Evaluating Bladder Function and Safety in Prenatal Fetoscopic Versus Prenatal Open Myelomeningocele Repair
Jonathan Gerber, MD, Paul F. Austin, MD, Alexandra N. Borden, PA-C, William E. Whitehead, MD, Jonathan Castillo, MD, Heidi Castillo, MD, Michael A. Belfort, MD, Duong D. Tu, MD.
Texas Children's Hospital, Houston, TX, USA.
BACKGROUND: Myelomeningocele (MMC) is the most common permanently disabling birth defect in the United States. Neurosurgical management has shifted to antenatal MMC closure. With the advent of improved surgical techniques, minimally invasive, or fetoscopic, antenatal repair has emerged. Prior studies, limited to open antenatal closure, demonstrate significant improvement in motor and neurological function, in the absence of clear urologic benefit. Purported benefits of the fetoscopic approach include decreased risk for preterm labor and the allowance for vaginal delivery. The clinical impact, from a urologic perspective, remains unclear. We hypothesize that fetoscopic myelomeningocele (MMC) repair (FMR) is non-inferior to prenatal open hysterotomy MMC repair (POMR) in terms of urological outcomes.
METHODS: A Baylor College of Medicine, IRB approved, retrospective study of all patients having undergone any fetal repair of MMC at our institution was performed. POMR and FMR were compared. Inclusion criteria required renal ultrasound (US) and urodynamic studies (UDS) to be obtained within the first 9 months of life with a subsequent follow up study within 18 months thereafter. US were evaluated for the presence of hydronephrosis (HN). UDS were risk stratified into the categories of safe, intermediate, or high risk [Figure 1]. Intervention such as anticholinergics and/or clean intermittent catheterization was determined at each time point.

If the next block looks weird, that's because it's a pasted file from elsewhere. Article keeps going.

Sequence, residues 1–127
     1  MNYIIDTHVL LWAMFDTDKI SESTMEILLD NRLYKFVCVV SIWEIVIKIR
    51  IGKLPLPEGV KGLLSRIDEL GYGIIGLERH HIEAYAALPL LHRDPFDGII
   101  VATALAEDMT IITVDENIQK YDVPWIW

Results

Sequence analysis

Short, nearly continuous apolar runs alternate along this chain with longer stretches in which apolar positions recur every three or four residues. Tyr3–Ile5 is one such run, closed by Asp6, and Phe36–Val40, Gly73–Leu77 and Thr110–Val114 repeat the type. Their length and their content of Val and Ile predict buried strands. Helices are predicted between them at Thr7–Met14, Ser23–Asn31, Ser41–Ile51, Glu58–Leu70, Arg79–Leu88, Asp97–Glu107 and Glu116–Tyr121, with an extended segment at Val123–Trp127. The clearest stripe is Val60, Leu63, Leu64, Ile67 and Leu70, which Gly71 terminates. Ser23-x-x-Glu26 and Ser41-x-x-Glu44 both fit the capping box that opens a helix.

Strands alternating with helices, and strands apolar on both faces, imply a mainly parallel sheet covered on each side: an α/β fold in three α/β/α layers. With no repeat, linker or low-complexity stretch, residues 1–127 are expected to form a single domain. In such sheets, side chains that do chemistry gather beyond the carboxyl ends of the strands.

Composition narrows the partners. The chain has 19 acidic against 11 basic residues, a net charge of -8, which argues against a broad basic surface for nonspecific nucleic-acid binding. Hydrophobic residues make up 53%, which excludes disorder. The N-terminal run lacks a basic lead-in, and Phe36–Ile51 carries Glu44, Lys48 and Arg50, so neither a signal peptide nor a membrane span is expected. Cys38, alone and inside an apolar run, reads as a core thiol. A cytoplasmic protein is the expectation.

RESULTS: 13 FMR and 15 POMR patients met inclusion criteria. Demographics of the two groups are depicted in Table 1. Unilateral HN was initially noted in only two patients, both in the POMR group, and both resolved on follow-up US. On initial UDS, the majority (73%) of the POMR patients were high risk with a third (36%) of those improving to lower risk categories without intervention. In comparison, only half (54%) of the FMR patients were high risk with 43% improving without intervention on subsequent evaluation. At follow up, 40% of the POMR group had high-risk bladders compared to 7.7% of the FMR cohort [Figure 2].
CONCLUSIONS: Although there is an inherent bias present given the small cohort size, fetoscopic myelomeningocele repair not only demonstrates fewer initial high-risk bladder categorization (54% versus 73%), but also a much lower proportion with high-risk bladders on follow up UDS (7.7% versus 40%). Additionally, FMR had a higher likelihood of improvement in risk categorization without intervention (43% versus 36%). A multi-institutional, prospective study focusing on the urologic outcomes of fetoscopic repair is warranted based on these promising findings.
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